A casino is an entertainment complex that is a major source of revenue for the owners. Though lighted fountains, musical shows and shopping centers may draw in the crowds, the vast majority of the profits are generated by gambling: slot machines, blackjack, roulette, craps, poker and other games of chance provide the billions that casinos rake in every year.
While most people enjoy the excitement of gambling, few are willing to risk much money. As a result, casinos make their money by limiting the amount of money a gambler can win and by providing inducements to spend more than one might ordinarily. These perks, known as comps, can include free or discounted show tickets and hotel rooms, food and drinks while gambling, even free merchandise. Casinos offer these incentives to attract and keep customers.
Casinos are found around the world, though they have a more pronounced presence in America and Europe. American casinos began appearing in the 1980s when some states amended their antigambling laws to allow riverboats and land-based casinos. Many of the more famous European casinos are located in cities such as Monte Carlo and Cannes.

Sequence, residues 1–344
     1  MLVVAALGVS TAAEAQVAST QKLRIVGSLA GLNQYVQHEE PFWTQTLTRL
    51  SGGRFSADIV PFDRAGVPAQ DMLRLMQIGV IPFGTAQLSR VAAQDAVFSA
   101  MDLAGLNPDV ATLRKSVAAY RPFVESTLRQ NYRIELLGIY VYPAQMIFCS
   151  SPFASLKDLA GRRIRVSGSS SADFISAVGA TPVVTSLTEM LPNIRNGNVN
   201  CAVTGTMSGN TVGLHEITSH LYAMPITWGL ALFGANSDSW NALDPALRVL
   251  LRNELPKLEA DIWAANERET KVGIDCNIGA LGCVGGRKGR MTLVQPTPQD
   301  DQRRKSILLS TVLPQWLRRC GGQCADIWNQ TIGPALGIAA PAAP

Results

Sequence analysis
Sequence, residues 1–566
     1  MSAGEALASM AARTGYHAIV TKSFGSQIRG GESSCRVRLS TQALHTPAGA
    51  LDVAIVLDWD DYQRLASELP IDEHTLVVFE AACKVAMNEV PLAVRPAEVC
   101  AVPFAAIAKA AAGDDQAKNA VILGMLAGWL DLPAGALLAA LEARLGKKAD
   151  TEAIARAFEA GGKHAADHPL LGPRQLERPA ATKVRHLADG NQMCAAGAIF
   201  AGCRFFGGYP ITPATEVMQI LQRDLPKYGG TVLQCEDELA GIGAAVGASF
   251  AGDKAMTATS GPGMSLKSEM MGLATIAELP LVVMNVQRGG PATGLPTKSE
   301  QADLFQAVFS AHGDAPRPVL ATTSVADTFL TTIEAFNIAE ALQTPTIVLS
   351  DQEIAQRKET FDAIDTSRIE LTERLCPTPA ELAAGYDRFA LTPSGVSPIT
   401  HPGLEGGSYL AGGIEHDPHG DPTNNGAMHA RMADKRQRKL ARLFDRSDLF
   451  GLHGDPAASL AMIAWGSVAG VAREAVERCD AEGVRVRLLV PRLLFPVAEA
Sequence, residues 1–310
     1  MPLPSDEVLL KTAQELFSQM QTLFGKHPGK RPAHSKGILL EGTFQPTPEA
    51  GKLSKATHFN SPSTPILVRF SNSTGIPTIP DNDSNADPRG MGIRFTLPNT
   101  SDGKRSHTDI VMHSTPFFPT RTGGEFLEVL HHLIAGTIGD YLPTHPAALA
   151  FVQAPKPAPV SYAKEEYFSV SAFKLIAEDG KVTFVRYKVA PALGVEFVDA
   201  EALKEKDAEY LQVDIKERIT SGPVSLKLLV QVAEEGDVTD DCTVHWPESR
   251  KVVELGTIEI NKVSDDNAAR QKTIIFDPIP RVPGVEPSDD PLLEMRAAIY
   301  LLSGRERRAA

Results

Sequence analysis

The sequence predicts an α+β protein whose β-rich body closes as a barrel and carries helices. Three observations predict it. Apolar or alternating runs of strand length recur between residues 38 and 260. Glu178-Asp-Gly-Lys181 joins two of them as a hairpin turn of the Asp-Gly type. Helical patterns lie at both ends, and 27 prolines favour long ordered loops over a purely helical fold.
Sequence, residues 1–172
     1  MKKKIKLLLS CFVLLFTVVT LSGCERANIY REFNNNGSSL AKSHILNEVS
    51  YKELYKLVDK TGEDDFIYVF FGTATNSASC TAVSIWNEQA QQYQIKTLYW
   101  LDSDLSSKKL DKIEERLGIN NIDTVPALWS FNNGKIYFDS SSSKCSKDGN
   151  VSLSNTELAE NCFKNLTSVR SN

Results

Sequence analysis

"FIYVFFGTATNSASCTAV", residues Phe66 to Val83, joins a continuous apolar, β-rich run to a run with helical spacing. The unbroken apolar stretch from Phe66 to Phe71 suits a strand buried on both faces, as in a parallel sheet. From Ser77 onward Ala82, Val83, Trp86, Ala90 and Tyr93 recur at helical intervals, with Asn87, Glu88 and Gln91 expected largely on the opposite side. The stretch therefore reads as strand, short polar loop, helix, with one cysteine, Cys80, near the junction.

Casinos employ a variety of security measures to prevent cheating and fraud. Dealers are heavily trained to watch for blatant techniques such as palming and marking cards or dice, while pit bosses monitor table games with a wider view to spot any betting patterns that might indicate cheating. Casinos also use video cameras to supervise players and games. Some have catwalks that enable security personnel to look directly down, through one-way glass, on the activities taking place below them.